Fifteen-metre-wide concrete bridge segments weighing up to 90 tonnes will be precast at a new purpose-built concrete production facility for the Bridgewater Bridge in Tasmania.
Construction of the $768 million bridge, the state’s largest-ever transport infrastructure project, will operate over the next 18 months. The existing bridge (pictured) was built in 1946, the fourth on the site.
Around 1082 concrete segments weighing between 50 and 90 tonnes and measuring 15 metres wide will be cast from five moulds and stored on site which is around 20 km north of Hobart. Following this they will be transported two kilometres to the bridge’s construction site and lifted into place on the new structure.
The project’s temporary bridge is due to be completed next month and work is underway to build the bridge abutments on the northern and southern shores. The first of 42 concrete bridge piles will be poured in the coming weeks and project completion is slated for 2024.
At peak production, up to five of the bridge’s segments will be produced each day and the facility will employ around 90 people.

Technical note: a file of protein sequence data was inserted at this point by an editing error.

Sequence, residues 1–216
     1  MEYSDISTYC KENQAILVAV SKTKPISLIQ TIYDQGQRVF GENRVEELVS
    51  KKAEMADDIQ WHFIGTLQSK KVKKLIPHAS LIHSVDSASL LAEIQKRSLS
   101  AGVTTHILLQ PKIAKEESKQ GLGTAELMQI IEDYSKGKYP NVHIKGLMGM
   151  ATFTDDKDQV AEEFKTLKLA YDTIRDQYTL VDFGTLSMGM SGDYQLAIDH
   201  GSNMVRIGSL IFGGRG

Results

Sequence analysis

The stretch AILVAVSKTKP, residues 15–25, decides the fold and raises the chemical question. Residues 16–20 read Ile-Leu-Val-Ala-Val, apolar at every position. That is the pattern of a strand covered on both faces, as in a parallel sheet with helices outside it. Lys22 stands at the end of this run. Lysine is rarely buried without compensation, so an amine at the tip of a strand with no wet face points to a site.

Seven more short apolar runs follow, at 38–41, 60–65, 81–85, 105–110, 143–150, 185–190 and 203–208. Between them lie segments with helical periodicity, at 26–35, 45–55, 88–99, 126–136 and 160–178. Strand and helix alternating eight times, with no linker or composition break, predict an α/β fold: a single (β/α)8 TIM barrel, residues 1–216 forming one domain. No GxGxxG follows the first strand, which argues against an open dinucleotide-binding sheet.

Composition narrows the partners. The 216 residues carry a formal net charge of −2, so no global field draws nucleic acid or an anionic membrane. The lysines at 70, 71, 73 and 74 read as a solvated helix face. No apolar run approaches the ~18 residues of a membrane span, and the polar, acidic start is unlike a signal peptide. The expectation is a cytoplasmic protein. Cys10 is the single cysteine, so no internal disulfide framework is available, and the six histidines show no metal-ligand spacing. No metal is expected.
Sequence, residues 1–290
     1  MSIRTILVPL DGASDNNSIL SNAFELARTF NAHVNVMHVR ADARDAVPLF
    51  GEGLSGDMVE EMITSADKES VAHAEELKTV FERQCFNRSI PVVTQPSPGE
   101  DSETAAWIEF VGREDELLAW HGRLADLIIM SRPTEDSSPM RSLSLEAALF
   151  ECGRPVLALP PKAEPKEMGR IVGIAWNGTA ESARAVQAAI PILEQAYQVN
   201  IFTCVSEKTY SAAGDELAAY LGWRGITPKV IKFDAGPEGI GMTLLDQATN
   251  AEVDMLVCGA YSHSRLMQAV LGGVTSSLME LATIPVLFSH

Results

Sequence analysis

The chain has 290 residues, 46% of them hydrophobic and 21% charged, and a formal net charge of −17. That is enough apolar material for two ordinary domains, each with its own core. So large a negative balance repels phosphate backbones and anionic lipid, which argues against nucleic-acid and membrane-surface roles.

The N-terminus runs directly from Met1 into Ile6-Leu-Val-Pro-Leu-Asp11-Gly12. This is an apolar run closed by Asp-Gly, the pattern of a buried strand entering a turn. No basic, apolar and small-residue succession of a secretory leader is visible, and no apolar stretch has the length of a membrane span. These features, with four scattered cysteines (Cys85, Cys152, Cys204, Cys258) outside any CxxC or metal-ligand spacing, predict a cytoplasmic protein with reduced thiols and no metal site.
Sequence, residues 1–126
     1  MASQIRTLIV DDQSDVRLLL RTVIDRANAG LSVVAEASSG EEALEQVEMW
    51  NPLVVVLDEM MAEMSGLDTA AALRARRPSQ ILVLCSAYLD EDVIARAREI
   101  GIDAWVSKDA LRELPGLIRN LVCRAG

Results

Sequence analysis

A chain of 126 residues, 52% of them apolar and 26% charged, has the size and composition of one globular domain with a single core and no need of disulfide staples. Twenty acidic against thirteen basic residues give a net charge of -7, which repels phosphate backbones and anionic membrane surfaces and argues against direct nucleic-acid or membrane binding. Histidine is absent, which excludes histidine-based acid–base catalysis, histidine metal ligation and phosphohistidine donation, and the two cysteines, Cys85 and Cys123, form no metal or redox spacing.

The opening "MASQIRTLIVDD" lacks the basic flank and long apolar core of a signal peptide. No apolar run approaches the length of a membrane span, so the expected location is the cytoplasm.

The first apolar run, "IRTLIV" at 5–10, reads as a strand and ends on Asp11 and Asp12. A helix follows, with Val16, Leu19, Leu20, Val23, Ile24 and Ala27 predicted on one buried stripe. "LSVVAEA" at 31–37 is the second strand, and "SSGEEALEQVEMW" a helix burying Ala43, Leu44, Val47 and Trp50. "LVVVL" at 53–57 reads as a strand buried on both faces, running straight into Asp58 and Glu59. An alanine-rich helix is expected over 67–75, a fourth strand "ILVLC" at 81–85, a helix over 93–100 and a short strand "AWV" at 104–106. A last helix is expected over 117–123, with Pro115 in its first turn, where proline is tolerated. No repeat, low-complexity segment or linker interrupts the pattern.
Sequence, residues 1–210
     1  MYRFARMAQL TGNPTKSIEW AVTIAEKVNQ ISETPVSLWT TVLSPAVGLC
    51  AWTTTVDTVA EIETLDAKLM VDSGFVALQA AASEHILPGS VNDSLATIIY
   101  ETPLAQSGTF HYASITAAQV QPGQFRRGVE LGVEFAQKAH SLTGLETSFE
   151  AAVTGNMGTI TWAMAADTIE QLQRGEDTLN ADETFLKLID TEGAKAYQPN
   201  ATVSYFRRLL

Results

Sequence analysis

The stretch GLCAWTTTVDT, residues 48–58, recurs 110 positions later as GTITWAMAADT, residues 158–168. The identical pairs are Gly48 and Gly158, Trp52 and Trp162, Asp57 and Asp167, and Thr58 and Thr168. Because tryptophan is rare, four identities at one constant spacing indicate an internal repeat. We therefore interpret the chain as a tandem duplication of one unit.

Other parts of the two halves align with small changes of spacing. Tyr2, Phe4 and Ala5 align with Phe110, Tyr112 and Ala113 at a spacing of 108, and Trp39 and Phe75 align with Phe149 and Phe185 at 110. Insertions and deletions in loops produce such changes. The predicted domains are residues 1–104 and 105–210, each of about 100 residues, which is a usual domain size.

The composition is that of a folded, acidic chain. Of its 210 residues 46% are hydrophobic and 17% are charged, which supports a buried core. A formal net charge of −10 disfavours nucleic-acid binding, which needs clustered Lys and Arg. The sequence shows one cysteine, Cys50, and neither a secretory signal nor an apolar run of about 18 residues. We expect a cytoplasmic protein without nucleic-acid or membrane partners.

Tasmania’s Minister for Infrastructure and Transport, Michael Ferguson, said creating jobs, upskilling workers, and supporting local industry is a key focus of the project, with a quarter of the workforce new to the industry.
The Assistant Federal Minister for Infrastructure and Transport, Carol Brown, said the facility will provide employment for the construction of Bridgewater Bridge as well as opportunities for future Tasmanian projects.
“As well as upskilling Tasmanian workers, the project will support more than 1,000 direct and indirect jobs and will importantly create more than 250 new jobs.”